Fake Debt Collection Agencies Use Lies About Debtors' Prison To Collect Big
Federal authorities say millions of phone calls yielded millions of dollars for a foreign company preying on American consumer's debt fears. NY1's Consumer Watch reporter Asa Aarons filed the following report.
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As if real debts are not enough, a company allegedly raked in $50 million, collecting money consumers did not even owe.
The Federal Trade Commission has charged a California-based company, American Credit Crunchers LLC, an affiliated company called Ebeeze, LLC, and the companies’ owner, Varang Thaker, with violating the FTC Act and the Fair Debt Collection Practices Act.
The agency says callers based in the United States and in India contacted millions of Americans demanding money and oftentimes they got it.
In many of the cases, these callers claimed to be from a bogus agency like the "Federal Bureau of Crime and Prevention" and would say a person's spouse was under arrest for failing to pay a loan, and that the spouse would not be released until the agency got its money.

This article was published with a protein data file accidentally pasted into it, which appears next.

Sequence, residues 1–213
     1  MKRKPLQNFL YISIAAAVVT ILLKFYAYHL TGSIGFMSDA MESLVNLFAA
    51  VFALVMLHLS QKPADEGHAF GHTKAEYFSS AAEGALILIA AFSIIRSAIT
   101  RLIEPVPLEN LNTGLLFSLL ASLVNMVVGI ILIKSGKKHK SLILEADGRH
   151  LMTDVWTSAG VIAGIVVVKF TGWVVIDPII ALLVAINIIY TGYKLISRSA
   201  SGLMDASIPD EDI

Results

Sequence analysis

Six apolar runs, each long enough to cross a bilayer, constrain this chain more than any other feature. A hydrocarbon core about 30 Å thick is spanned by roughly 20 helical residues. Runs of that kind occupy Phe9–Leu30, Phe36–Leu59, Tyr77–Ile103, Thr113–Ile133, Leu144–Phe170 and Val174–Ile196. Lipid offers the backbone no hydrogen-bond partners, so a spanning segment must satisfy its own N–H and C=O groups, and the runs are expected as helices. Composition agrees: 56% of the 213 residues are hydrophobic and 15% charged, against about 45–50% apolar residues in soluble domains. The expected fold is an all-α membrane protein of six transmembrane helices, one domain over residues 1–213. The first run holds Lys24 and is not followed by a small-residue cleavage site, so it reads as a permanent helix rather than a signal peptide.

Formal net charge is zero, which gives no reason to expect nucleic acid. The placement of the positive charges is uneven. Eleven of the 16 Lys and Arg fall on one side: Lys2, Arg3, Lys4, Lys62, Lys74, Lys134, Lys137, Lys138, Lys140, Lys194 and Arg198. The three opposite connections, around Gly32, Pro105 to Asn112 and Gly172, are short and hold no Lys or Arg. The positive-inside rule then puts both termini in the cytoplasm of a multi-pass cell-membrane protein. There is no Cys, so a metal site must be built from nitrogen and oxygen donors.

The panicked victim would then authorize credit card charges over the phone of roughly a few hundred dollars. Only later did the victim realize that the spouse was fine all along and that there are no debtors' prisons in this country.
"They have collected at least $5 million from consumers that consumers simply didn't know. Fortunately, we took law enforcement action and they just recently granted an asset freeze and temporary restraining order against this company," says Deborah Marrone of the Federal Trade Commission.
Anyone who receives such a call should remember rights granted by the FTC's Fair Debt Collection Practices Act.
"If they refuse to give you any information about the debt, or to give you their own address, that's another red flag for consumers," says Marrone.
The next Consumer Watch report will cover how when people owe money they should pay it, but bill collectors do not have the right to insult or harass debtors.